By BRUCE DENNILL
Istanbul. Home to the Hagia Sophia, the Blue Mosque, the Golden Horn, the Grand Bazaar, the Topkapi Palace and dozens of other world-famous tourist attractions, it’s also riddled with side roads; non-descript, non-guidebook diversions that are often as interesting – or more so – as the huge, ancient architecture surrounding them.
Sultanahmed, the old city, is the epicentre for such unofficial draws. It’s a compact area, wedged in between a modern highway, the Bosphorus and a couple of hills on which people have lived in civilised structures for longer than almost anywhere else on Earth. If you’re on foot, the gradient eventually funnels you down the slope, away from the big squares, through residential areas and into thoroughfares like El Sanatlari Merkezi, a street narrow enough that cars need to park on the pavement.
Unremarkable as it is, it is home to a small shop and gallery that is notable, the Cemal Toy Art Gallery. The place is as packed as the streets around it, littered with framed pictures of varying sizes, bits of untreated canvas and parchment, paintbrushes brewing in different solvents and other paraphernalia – rolls of tape; air conditioner remotes; a cellphone – all splattered with paint.
At a desk at the back of the shop sits a young man, taking occasional sips from a cup of cold coffee as he concentrates on incising lines into a flattened bamboo sheet, bringing to prominence the faint sketch already marked on the surface.
It doesn’t occur to me that he might be Cemal Toy – Turkish names, to my South African ear, are just more exotic words juxtaposed in unexpected ways, so for all I know, that term could have something to do with the paintings on the walls, or be the local equivalent of “Acme Frame Depot”.
But the young artist’s demeanour suggests something different. He’s palpably proud of what he’s doing – in the sense that he knows it’s valuable (there is no hint of arrogance). He tells me his name but asks that I don’t publish it, explaining that he is merely an apprentice, minding the gallery on behalf of and carrying out the duties apportioned him by the man he refers to as his master: Cemal Toy.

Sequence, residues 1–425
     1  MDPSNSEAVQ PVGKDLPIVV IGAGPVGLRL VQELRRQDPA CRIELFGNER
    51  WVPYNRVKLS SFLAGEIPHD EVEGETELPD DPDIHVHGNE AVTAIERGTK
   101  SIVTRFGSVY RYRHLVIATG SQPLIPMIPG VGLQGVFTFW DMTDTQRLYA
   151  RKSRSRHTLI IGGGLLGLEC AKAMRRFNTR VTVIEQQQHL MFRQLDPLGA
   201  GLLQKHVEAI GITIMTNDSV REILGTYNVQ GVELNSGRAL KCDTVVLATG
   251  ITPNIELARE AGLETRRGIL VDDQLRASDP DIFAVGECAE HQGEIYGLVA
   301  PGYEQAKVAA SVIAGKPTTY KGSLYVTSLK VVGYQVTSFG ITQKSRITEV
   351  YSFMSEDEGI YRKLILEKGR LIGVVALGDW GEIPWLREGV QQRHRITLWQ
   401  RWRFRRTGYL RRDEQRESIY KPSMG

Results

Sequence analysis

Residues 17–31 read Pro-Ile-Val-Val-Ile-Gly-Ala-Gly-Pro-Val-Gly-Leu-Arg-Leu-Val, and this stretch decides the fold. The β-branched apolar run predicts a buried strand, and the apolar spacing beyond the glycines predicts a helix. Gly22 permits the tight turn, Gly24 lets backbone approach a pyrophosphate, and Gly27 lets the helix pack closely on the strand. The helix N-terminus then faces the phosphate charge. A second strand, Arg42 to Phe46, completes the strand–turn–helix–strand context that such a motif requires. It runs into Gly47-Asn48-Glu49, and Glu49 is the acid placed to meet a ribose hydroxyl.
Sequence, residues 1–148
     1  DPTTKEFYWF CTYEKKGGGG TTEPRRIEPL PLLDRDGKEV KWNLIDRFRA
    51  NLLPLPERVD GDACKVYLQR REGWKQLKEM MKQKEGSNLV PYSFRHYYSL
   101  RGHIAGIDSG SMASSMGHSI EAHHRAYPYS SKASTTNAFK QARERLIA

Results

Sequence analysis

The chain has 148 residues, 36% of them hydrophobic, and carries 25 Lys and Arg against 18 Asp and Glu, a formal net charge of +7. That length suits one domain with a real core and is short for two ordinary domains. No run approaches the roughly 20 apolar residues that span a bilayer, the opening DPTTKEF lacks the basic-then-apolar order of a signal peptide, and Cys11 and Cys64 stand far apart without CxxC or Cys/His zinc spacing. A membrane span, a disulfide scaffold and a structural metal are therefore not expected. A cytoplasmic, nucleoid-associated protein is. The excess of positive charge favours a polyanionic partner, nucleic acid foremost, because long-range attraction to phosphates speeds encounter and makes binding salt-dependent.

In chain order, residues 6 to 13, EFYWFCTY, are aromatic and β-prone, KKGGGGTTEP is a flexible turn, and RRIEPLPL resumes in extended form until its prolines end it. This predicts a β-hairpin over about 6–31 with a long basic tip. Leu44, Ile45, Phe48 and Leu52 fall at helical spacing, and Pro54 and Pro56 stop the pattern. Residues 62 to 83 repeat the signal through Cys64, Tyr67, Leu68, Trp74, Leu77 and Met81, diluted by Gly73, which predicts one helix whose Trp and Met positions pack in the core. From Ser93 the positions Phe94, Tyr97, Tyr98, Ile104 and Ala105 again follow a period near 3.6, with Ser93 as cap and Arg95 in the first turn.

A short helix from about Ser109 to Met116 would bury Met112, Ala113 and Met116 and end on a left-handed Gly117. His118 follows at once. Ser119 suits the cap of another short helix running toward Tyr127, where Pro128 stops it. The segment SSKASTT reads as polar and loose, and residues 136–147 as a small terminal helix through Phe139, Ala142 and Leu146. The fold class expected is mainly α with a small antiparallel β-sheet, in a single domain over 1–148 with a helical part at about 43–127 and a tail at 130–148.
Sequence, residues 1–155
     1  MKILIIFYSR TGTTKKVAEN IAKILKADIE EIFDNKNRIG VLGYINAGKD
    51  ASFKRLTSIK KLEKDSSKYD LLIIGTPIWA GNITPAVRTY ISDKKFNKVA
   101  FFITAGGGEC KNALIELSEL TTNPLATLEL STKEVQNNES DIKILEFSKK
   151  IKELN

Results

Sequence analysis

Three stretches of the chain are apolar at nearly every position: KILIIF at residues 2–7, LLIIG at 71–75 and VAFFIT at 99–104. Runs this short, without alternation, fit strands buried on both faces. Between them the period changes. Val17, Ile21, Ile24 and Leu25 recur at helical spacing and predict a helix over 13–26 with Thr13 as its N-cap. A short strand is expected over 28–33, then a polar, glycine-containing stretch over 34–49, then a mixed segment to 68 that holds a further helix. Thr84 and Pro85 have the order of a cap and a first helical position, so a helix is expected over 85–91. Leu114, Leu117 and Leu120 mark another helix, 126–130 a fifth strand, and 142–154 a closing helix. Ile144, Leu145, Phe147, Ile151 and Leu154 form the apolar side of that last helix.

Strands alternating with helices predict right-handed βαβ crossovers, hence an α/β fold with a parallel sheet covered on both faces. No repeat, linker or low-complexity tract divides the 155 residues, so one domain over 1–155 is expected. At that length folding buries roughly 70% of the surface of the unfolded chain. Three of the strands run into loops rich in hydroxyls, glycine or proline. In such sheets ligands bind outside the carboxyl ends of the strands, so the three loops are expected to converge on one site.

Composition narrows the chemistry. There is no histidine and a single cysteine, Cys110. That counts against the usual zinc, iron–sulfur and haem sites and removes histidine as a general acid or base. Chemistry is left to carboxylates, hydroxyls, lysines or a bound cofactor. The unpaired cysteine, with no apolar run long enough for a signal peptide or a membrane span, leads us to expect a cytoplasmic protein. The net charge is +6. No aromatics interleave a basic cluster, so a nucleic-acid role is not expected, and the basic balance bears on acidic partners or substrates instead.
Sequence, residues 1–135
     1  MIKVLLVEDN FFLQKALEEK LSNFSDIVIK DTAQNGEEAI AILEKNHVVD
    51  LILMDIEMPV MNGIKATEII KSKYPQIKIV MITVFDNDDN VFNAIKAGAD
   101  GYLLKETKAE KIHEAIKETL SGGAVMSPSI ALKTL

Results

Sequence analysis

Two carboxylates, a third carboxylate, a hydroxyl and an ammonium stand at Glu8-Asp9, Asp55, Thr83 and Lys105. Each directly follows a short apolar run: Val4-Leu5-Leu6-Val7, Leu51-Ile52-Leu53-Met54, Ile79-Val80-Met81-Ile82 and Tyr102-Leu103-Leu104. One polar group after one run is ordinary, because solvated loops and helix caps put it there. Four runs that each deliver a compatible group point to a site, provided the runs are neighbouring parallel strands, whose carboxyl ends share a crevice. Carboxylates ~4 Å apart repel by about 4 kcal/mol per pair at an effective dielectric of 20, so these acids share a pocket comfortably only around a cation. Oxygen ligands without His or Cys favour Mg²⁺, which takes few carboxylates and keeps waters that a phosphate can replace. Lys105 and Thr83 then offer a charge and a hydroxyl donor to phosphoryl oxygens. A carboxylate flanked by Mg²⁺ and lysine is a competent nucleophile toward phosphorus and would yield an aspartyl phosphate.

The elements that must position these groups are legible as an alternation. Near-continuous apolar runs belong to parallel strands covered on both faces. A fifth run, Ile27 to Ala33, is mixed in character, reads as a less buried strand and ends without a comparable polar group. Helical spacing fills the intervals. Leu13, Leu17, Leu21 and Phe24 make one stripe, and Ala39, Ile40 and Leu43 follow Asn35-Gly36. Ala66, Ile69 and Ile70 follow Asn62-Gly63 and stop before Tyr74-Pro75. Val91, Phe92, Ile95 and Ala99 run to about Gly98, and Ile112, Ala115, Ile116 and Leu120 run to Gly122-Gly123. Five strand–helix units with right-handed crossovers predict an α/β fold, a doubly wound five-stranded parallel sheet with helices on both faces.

It’s a scenario not many would envisage in the 21st century. Surely such practices – in trades such as painting and sculpture, particularly – belong to another age? The Renaissance, perhaps? My digital camera and cellphone suddenly feel somewhat out of place. They’re wired to make things quicker – supposedly easier – but even the smartest programmer can’t add the soul personified by this teenager who sits in an art shop, learning a craft that in many Western mindsets would see him marked as barely employable for a “real” job.
Toy, it turns out, is a graduate of a local institution: Mimar Sinan Fine Arts University. Let that sink in. A university, dedicated to fine arts? A fad, surely. No – it was founded in 1882 and has been training artists, architects and experts in associated fields ever since. Toy is a beneficiary of a philosophy that prizes art, and is ensuring that this culture is propagated by giving talent from the next generation not only the skills needed to create works of beauty and commercial appeal, but the knowledge of the heritage that informs them.
Toy’s stated influences are Turkish miniatures of the Ottoman period and the way traditional Turkish carpet makers can tell stories with their designs. These are fairly common inspirations in this part of the world – Toy’s is one of dozens of shops and marketing stalls featuring depictions of Istanbul’s striking “whirling dervishes”; dancers who spin while wearing easily recognisable outfits as part of the Mevlevi (an order that is part of the mystical Sufi school of thought under the general banner of Islam) Sema ceremony.
But Toy – and his modest assistant – invest in more modern artistic notions as well, with one interesting piece comprising a number of small silhouettes populating a group of hexagonal spaces, creating the impression of an elegant party being held in a beehive. Elsewhere, beautifully detailed watercolours of Istanbul skylines and views offer tourists souvenirs more tasteful than the fridge magnets and T-shirts they’re likely to have thrust into their hands elsewhere.
Perhaps a greater gift to the visitor, though, is the ethos on which the Cemal Toy Art Gallery seems to be built. Every major city has small galleries scattered throughout its suburbs. But those usually feel like retail spaces, not training grounds; like markers for dreams that have been sullied by the realities of bond repayments rather than hubs in which passions are explored and built upon.
Head back to the major attractions up the hill later – you must; there’s much to admire. But linger in Istanbul’s side roads too. The return on investment is different, but wonderfully satisfying.